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How much non-added value additive manufacturing can take out of actual processes?

It is a well-known fact: the sequence of all activities required to bring a product to a customer is called a value stream and despite the name, value does not flow smoothly nor swiftly along streamlined processes. Value streams are cluttered with non-added value processes, tasks and steps, so-called wastes.

Traditional manufacturing processes aren’t very efficient especially when several different techniques are required e.g. cutting, lathing, milling, drilling, welding, deburring, assembling, painting, etc.

All these machines require energy and floor space. The more complex the process, the more energy and space is required.

This remains true even if the process is partly subcontracted, which adds more transportation and management costs, maybe additional quality controls.

In such processes there are many hands-off and transportations between machines and work posts, the different operation require different skills, thus a staff of qualified workers.

Production is launched in batches in order to have some economies of scale but with carryover costs and all the trouble related to WIP and inventories.

Of course lead time is dependent on the number of operations and the process’ efficiency. Measured in time ratio, the added-value time to total Lead time ratio is often around 2% (poor efficiency) and around 10% (?) at best.

Customers pay for all this as until recently there was no alternative. Yet a tremendous change will affect some industries / businesses with additive manufacturing.

With these new techniques, when relevant and possible, the part or product is created in a single process by adding (“3D printing”) material one thin layer after another.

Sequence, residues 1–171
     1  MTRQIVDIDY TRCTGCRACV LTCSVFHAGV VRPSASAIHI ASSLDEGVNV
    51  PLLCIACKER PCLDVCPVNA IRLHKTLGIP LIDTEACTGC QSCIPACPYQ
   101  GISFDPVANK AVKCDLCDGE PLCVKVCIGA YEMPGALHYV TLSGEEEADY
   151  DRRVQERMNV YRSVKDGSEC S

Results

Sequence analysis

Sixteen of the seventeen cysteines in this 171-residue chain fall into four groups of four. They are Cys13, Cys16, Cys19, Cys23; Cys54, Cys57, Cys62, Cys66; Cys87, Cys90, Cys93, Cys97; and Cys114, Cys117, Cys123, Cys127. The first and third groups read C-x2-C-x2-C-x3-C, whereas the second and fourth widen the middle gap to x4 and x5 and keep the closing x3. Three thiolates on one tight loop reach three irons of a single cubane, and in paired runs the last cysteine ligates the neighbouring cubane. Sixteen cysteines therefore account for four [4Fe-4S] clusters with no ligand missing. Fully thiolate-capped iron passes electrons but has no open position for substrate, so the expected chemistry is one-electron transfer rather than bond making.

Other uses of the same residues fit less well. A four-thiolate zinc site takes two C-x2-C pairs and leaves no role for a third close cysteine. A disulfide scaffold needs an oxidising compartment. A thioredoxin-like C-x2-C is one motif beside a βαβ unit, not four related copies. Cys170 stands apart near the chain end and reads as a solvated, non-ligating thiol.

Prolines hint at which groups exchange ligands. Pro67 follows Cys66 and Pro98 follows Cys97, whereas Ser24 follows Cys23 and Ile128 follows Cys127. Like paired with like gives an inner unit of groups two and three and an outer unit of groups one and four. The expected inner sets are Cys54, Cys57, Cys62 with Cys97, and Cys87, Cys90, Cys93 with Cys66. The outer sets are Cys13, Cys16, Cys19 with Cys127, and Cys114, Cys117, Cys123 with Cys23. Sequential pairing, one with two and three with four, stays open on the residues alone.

So how much non-added value additive manufacturing can take out of actual processes?

Well, considering the examples given above, I’d say a lot of handling, storing, energy, floor space, capital frozen in inventories and WIP, manpower costs, a large share of overhead, capital for different machines, lot of floor space and related costs (heating, cooling, light, locker rooms and other “social” rooms).

For the industries and businesses that will be threatened by the rise of these new manufacturing techniques, the disruption can be tsunami-like. Think of all the barriers to entry suddenly disappearing for new challengers and the irony of established companies, if caught unprepared, being suddenly locked-out from their own markets!

Some companies may not be able to switch quickly from traditional to additive manufacturing. It will probably take them some time to get the new know-how, find a suitable business model and get rid of assets that became a burden; machines, buildings and… some of the workforce. If additive manufacturing techniques supersedes traditional ones, companies that couldn’t manage the turnaround will be pushed out of their markets.